Treated as no more than wastes of skin, and far less than human beings, the victims of the Third Reich Aktion T4 have often featured as an afterthought. They were torn away from the lives they had quietly led within the walls of institutions, onto the buses that took them to their deaths. Realistically in radical terms, treating them as the trash they were seen to be caused those doctors and nurses to stop thinking of them as truly anything other than human waste. Treated to these extremes, first they were selected by the use of a one-page document with only three questions (Bernstein, 2017). How long had they been there at their facility? Then, how much work could they do? Finally, was there any family to raise the alarm at all? These questions very clearly show that awareness from the Nazis about the need for secrecy. They knew that public opinion would not take kindly to the mass killing of the feeble-minded. Really, though, the only strong argument that was made was that they were Christians and not Jews.
Those taken to the killing centers arrived in grey buses with the windows painted over (Bailey, 2017). They were often with their nurses, who went along to keep them calm and thinking they were on a field trip. Was it with growing thoughts of suspicion that these people held no hope that their return to the institute would actually take place? Or really, that they were taking some trip that was supposed to treat them to a fun day? Seated there on a journey that there was no return from, one imagines that they tried to comfort one another. Really, they were going to have to teach themselves to try to go to their deaths with dignity in a short bus ride. Testing the waters with the public at first, death certificates were falsified as to causes of death. On the certificate, the typical cause of death was ill health, no matter the true reason the person had died. Then, the paperwork was held back for weeks at a time, allowing the Nazi regime to continue to take payments that were meant to care for the patients (Bernstein 2017, Bailey, 2017).
The effect of all these financial wranglings was to put more than three hundred million reichsmarks into Nazi hands. The figure is more than many of us can make in a lifetime, though this was blood money at a cost of over three hundred thousand lives (USHMM, 2020). More than that, the wanton taking of lives robbed the medical profession of its ethical standards and compassion. The tactic in the treacherous actions of the medical cortege was the ulterior argument that research was imperative to trace the origins of the congenital defects that plagued the world. They took the trash of the human race, they could claim, and put it to use serving what they laughably called the greater good.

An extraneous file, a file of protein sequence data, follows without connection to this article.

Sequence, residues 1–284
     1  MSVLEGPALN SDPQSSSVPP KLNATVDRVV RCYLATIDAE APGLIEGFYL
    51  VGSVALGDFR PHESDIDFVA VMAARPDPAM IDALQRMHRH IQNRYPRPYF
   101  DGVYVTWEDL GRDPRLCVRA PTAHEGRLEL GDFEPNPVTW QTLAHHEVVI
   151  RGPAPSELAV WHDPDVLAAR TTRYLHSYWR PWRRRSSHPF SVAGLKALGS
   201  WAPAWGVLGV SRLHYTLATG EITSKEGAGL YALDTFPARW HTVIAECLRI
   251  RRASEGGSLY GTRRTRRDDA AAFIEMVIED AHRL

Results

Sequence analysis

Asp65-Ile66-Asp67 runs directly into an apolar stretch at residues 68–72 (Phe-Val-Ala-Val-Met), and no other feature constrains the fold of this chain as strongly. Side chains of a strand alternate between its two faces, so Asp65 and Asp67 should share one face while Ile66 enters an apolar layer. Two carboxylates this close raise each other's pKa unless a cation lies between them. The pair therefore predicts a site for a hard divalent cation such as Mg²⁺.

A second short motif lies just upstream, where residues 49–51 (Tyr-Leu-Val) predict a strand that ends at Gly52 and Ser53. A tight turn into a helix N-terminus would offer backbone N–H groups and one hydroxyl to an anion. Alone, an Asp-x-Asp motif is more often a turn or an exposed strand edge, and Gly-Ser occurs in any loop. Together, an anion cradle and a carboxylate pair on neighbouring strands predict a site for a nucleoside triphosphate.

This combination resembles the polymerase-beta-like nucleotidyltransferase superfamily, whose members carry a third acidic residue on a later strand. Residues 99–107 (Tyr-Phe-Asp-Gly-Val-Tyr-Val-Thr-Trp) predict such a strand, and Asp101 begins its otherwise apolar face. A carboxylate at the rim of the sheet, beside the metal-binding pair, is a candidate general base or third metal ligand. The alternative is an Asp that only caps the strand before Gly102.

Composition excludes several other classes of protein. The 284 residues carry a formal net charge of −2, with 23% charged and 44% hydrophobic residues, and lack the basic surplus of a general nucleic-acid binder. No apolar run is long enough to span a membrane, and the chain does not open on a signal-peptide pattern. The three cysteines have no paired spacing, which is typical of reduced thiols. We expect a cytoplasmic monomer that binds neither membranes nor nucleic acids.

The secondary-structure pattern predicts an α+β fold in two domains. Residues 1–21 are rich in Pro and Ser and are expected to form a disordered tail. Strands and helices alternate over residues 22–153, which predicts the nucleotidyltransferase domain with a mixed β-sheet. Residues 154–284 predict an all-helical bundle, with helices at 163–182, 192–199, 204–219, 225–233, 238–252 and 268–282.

As time passed, however, the greater percentage of the population was taking the stance that such tragic fates as the victims of the T4 program were meeting should stop at once (USHMM, 2020). They wrote letters of protest to officials, especially to Hitler himself. Traditional theological authorities were taking a stand on this issue as well, though they too were under assault by the Third Reich. The school of thought within the theology of Christianity was that Jesus had wanted great compassion toward the ill and infirm, and that meant wanting to watch over and protect the vulnerable of society.
Really, this public pressure that took hold came from within the Third Reich, as well as from the outside world media. This was deeply embarrassing to the Nazi regime and its desire to appear friendly to foreign powers such as America. The official side of the T4 program was dismantled in 1941 and its medical staff were then reassigned to concentration camps where their newfound skills were put to use again as purveyors of suffering and death. That taking the waste people, in the Nazi point of view, meant that human subjects were callously tortured to death to advance the hideous war machine of the Nazis. Thankfully, these sadistic crimes ended with the defeat of the Nazi regime in 1945, though the war years saw many more deaths of disabled and mentally ill people through starvation and neglect, and continued euthanasia (USHMM, 2020). The fading memory of the tragedy and horror of these murders should be held anew into the light of the public consciousness. We forget such history at our peril, as it allows new generations to assume that those things are not possible in their safe little corners of the world. All the victims of the Nazis did wrong was to have been in the wrong place at the wrong time.
Bailey, James. CARING CORRUPTED – The Killing Nurses of The Third Reich. Caring Corrupted – The Killing Nurses of the Third Reich, University of Texas, 2017, youtu.be/Rz8ge4aw8Ws.
Bernstein, Catherine, director. Action T4: A Doctor Under Nazism, 2017, http://www.amazon.com/gp/video/detail/B078JYYDZL/ref=atv_dp_share_cu_r.United States Holocaust Memorial Museum, Washington, DC. “Euthanasia Program.” United States Holocaust Memorial Museum, United States Holocaust Memorial Museum, 2020, encyclopedia.ushmm.org/content/en/article/euthanasia-program.